At the same time, free markets and a distaste for economic regulation—the cornerstone of conservative-libertarian fusion—are less popular, and sometimes an outright anathema, to modern Republicans.

What to Expect From the RNC

Trump will speak on all four nights of the Republicans' virtual convention, which starts Monday night and runs through Thursday. He'll accept the party's presidential nomination on the final night, with a speech from the White House lawn.

First Lady Melania Trump will speak Tuesday, with other Trump family members scattered throughout the four days.

Some lawmakers scheduled to speak tonight include Reps. Matt Gaetz of Florida, Jim Jordan of Ohio, and Steve Scalise of Louisiana. Tuesday night will feature Sen. Rand Paul of Kentucky, while subsequent nights include Sen. Joni Ernst of Iowa, Mitch McConnell of Kentucky, and Tom Cotton of Arkansas, among others.

In addition to Trump, his family, and Republican legislators, the conventions will feature figures from Fox News and various recent GOP memes, including Mark and Patricia McCloskey—the suburban couple who pulled a gun on Black Lives Matter protesters—former Covington Catholic student Nicholas Sandmann, and Turning Point USA chief Charlie Kirk.


Protesters could lose right to vote in Tennessee. A new bill signed into law in Tennessee increases punishments and penalties for various protest activities. "Most notably, the new law now states that those who illegally camp on state property would now face a Class E felony, punishable by up to six years in prison, rather than a misdemeanor. Felony convictions in Tennessee result in the revocation of an individual's right to vote," reports the AP.

Meanwhile, in Texas:

DPS [the Department of Public Safety] has arrested more than a dozen Texans as part of its highly publicized, resource-laden investigation into the Capitol protests. Special agents have spent hundreds of hours this summer poring through social media posts, surveillance footage and YouTube videos to identify protesters they believed engaged in criminal activity, the agency said. The department has also publicly announced arrests and repeatedly offered up to $1,000 in cash for the public's help in naming the often-masked Capitol protesters seen in grainy screenshots investigators pull from compiled footage.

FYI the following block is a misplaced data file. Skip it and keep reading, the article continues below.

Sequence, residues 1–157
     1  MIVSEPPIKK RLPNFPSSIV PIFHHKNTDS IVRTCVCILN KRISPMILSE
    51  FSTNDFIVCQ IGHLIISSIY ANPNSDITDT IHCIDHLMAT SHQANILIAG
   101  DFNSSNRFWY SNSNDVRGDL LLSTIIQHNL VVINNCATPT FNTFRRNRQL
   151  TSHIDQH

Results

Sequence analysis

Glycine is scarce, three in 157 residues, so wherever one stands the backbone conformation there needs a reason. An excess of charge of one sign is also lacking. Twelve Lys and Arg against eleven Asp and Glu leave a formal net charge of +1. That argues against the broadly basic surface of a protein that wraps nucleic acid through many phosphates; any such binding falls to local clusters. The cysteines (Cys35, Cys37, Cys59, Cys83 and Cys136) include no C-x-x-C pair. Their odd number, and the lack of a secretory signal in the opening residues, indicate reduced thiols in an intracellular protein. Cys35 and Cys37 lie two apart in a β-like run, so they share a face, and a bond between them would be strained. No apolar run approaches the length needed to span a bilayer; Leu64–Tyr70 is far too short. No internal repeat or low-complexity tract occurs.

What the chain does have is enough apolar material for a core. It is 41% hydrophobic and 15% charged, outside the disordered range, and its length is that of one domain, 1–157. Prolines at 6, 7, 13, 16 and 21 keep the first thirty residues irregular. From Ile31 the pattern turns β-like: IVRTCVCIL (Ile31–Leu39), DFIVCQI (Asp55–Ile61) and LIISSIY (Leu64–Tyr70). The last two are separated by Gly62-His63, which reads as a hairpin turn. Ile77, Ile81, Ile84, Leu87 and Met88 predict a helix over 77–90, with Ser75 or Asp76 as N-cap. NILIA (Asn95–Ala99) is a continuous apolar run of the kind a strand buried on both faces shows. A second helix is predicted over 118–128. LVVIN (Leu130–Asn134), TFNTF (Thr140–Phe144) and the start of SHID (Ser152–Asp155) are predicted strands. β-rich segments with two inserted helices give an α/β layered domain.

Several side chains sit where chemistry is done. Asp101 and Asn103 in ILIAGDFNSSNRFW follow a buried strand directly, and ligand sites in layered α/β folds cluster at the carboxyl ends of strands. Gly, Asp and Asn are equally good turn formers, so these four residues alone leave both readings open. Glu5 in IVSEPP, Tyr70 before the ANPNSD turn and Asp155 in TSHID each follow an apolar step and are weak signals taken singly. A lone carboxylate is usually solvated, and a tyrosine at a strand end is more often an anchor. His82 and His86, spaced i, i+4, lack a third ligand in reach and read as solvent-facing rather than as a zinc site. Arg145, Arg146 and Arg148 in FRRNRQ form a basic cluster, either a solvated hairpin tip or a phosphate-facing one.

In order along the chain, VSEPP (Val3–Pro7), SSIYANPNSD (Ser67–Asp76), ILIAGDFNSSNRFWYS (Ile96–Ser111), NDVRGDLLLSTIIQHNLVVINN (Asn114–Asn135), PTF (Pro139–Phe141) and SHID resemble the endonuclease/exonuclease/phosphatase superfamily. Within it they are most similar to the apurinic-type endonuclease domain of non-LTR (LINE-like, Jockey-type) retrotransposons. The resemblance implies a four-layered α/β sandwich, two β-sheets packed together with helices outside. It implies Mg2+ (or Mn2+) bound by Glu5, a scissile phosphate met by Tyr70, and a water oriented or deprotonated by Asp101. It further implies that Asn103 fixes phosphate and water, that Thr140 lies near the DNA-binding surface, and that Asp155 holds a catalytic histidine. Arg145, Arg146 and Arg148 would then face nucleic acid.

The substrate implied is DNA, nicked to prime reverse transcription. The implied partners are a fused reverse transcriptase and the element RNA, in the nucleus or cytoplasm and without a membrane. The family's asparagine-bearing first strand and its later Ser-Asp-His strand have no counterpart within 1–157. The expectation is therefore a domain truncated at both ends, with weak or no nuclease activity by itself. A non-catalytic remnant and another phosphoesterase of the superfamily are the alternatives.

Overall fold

But protesters' attorneys call the DPS probe an unparalleled political "witch hunt" against protesters in which the state's police force is using tactics far too aggressive for the suspected crimes. Several have argued the reaction is an attempt to distract the public from recently heightened criticism of American law enforcement's use of force against Black people and instead bolster the perception of officers as protectors.


Apple and Microsoft fight over Fortnite. MarketWatch reports:

Apple Inc.'s threat to revoke Epic Games Inc.'s developer account would have far-reaching effects harmful to the videogame industry, Microsoft Corp. said in a court filing Sunday.

The new filing by Epic comes amid a tense showdown with Apple, which has removed Epic videogames, such as the mega-popular "Fortnite," from its App Store over a violation of its payment rules.


• Yesterday in Wisconsin, a police officer shot a man in the back seven times, at close range, while his children watched. The man, Jacob Blake, was reportedly "getting into his car after apparently breaking up a fight between two women" and is now in critical condition.

• Kellyanne Conway is leaving the White House:

• How Facebook helped screw TikTok.

• A California Superior Court says President Trump must pay $44,100 in legal-fee reimbursement to Stormy Daniels.